How to Brew 5 Day IPA

by Karl | Updated: July 24, 2021

5 Day IPA Recipe:

  • 9 lbs Maris Otter
  • 4 lbs Munich II
  • 1.00 oz Columbus/Tomahawk/Zeus (CTZ) [15.50 %] – Boil 30 min
  • 1.00 oz El Dorado [15.00 %] – Boil 10.0 min
  • 1.00 oz Wai-iti [3.00 %] – Boil 10.0 min
  • 1.0 pkg Voss Kveik Yeast (Omega #OYL-061)
  • 1.00 oz El Dorado [15.00 %] – Dry hop
  • 1.00 oz Wai-iti [3.00 %] – Dry hop

Brewing Gear

Glassware

Process

Transcript: Today, we’re brewing an IPA and we’re doing it in a bit of a hurry.

Yeah. We’re going to, we’re going to brew this beer in five days. We have a little party coming up and it’s for what day is it going to be? Birthday!

So yeah, we are going to try and brew an IPA in five days. Needs, must, right. Gotta be ready for this party.

So let’s treat the water first of all. For water salts, I’m going to use a ratio of two to one for sulfate to chloride to try and sort of enhance the bitterness of this beer.

So in here I have got some water salts. Could you just add some water into that? Okay. So for my water chemistry, what I’ve got in here is four grams each of Epsom salt, calcium chloride, and gypsum.

Now, because the grist is quite light we’re going to need to add some lactic acid. Um, I think I need about six milliliters of lactic acid.

We’re brewing a full five gallon batch today. So it’s a bit more grain than I usually use. So what I’ve got in here is a combination of Maris otter and Munich II.

So looking for an original gravity here, 1.061, it’s going to be around a 6.5% beer. Although we’ll see about that because there’s an efficiency issue to talk about in a moment.

But in terms of what the combination is, it’s 70% Maris Otter, and then 30% Munich II. And that will hopefully give us a nice sort of slightly biscuity base, which will be a good contrast for the hops.

You got it. It’s good. You want to check for lumps? I don’t know. I think the gloves also making it difficult.

So here’s, here’s the plan. Everything is going to be fast. So quick brew day, right? Yes. We’re going to do 30 minute mash when the 30 minutes is up, it’s done. Then we’re going to move to a boil. Just gonna do a 30 minute boil and then we’re going to move into this sort of five day fermentation phase.

All right. So we’re going to leave this mashing. Okay. 30 minutes. Sounds good. See you back here then. And uh, we’ll move on to the boil.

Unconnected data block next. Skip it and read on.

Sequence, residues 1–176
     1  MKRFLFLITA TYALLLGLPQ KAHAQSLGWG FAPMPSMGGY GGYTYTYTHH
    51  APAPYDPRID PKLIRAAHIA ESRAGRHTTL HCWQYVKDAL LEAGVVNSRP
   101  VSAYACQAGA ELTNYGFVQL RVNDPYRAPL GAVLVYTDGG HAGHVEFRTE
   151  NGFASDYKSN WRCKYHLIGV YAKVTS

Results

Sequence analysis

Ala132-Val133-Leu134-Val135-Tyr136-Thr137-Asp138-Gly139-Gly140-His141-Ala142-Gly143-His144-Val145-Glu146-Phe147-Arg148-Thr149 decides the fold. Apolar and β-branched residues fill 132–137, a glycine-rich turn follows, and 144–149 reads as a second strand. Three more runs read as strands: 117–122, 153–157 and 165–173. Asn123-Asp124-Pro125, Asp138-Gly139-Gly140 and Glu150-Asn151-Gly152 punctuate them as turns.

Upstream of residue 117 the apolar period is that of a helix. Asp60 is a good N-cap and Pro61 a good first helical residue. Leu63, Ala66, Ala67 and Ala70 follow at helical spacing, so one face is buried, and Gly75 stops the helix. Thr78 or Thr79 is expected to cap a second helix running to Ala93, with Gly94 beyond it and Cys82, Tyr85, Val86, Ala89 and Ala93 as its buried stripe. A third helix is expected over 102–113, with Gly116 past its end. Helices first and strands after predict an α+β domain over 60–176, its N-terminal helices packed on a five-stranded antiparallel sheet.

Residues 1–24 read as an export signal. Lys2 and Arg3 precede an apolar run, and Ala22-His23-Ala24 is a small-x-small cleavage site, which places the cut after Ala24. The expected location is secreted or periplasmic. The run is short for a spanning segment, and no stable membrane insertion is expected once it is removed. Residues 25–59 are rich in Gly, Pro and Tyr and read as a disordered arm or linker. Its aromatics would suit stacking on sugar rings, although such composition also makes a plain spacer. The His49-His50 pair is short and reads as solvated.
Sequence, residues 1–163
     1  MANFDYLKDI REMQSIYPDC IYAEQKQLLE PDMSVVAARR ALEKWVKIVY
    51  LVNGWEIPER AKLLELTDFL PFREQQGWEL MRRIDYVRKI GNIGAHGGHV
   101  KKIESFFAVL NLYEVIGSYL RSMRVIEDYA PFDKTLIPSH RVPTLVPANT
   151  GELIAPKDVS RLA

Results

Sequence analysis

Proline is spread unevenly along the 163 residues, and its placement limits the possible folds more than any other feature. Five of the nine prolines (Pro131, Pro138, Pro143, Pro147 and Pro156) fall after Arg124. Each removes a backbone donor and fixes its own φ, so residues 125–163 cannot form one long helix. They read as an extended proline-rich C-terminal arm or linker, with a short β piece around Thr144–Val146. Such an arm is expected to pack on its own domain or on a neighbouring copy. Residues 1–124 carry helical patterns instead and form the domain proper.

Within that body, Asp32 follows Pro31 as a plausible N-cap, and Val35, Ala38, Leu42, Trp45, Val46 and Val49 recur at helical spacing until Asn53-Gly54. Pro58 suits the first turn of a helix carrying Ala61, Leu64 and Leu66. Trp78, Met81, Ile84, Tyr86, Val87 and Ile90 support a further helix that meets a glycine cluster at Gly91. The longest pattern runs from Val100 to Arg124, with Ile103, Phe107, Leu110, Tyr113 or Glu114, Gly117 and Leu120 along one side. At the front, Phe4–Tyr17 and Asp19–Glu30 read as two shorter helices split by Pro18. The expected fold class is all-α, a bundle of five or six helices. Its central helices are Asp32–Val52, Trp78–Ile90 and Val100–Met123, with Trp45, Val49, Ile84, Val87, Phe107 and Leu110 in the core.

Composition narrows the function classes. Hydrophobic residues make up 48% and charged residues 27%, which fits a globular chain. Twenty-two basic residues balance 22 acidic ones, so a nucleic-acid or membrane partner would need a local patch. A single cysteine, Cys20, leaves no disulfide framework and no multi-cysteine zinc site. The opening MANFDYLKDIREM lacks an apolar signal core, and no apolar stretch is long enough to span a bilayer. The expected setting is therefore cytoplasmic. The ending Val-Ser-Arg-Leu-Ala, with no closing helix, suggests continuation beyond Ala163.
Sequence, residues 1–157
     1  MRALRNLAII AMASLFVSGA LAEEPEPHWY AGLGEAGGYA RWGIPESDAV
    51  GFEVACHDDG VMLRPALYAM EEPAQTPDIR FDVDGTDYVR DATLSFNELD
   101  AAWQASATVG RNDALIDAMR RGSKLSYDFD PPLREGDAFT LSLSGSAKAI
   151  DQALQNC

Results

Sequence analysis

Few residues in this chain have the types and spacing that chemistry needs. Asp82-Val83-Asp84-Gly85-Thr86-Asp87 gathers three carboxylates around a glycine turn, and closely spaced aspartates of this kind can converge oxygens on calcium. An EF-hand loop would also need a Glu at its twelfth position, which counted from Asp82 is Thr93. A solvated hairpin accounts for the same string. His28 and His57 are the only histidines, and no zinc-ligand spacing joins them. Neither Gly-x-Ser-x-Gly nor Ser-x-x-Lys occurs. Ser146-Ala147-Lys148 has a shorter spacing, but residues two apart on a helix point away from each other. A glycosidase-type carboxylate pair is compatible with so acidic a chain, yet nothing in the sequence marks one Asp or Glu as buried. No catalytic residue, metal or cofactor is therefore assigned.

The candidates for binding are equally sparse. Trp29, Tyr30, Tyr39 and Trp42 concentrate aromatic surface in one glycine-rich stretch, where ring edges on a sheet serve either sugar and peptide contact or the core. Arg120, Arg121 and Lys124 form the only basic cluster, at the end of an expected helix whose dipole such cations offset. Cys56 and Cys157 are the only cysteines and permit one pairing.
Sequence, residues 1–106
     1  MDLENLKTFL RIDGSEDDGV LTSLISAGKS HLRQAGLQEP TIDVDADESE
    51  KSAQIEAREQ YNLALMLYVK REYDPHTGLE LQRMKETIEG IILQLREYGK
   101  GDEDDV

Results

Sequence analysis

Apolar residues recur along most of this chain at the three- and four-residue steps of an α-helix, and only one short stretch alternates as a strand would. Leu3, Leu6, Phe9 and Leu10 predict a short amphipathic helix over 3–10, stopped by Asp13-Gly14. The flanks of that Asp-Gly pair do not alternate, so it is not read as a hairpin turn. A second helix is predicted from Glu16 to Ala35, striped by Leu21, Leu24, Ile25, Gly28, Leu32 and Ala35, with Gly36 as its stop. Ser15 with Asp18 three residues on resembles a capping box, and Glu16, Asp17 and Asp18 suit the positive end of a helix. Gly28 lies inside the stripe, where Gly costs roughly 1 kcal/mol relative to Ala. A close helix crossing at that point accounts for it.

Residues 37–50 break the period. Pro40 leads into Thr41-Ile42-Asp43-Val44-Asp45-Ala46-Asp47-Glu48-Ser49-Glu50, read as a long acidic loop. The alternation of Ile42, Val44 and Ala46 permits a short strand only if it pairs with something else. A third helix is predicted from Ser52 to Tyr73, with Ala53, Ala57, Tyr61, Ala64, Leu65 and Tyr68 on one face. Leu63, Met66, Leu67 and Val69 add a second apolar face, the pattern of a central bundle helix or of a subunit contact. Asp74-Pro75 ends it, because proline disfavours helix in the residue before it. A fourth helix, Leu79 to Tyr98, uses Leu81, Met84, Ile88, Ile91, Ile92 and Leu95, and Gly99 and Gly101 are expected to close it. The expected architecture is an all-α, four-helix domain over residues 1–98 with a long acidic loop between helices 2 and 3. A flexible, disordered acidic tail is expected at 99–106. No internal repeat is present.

Okay. So it’s been 30 minutes normally mash for 60, but yeah, no time for that. Okay. So we need to take a gravity sample so we can see how far we mashed. We’re going to take this. I’m going to drop it in here. I would say that is about 1.053 being expected pre-boil gravity was 10 53.

For this beer, we’re actually going to be using a couple of different hops, uh, starting off at the start of our boil. We’re going to be using CTZ. After that, Um, I was looking for more of like a citrus-y fruity kind of hop for the beer. Um, so I’m not going to butcher this name, but I’m going with Wai-iti, I don’t know.

And Eldorado will give it more of a, like a citrusy candy, like maybe pear. I’m, I’m not too sure what’s going to be, but I’m very excited because I think it’s the flavor that I’m going to be looking for.

Incidentally, the way I was able to hit my pre boiled gravity numbers, despite only mashing for 30 minutes is I lowered my expected efficiency. So normally with this system, I’ll see a brew house efficiency around 68%. And I lowered it for 62% because I’m mashing for less time. And yeah, that seemed to be about right.

Original Gravity came out at 10 60. So pretty much what I was shooting for.

Now, let’s talk about how we’re going to get this beer ready five days from now. Well, I’m going to be using this yeast here.

This is Voss Kviek yeast. It does give some orangy citrus tones, which is in line with the style that we’re looking for.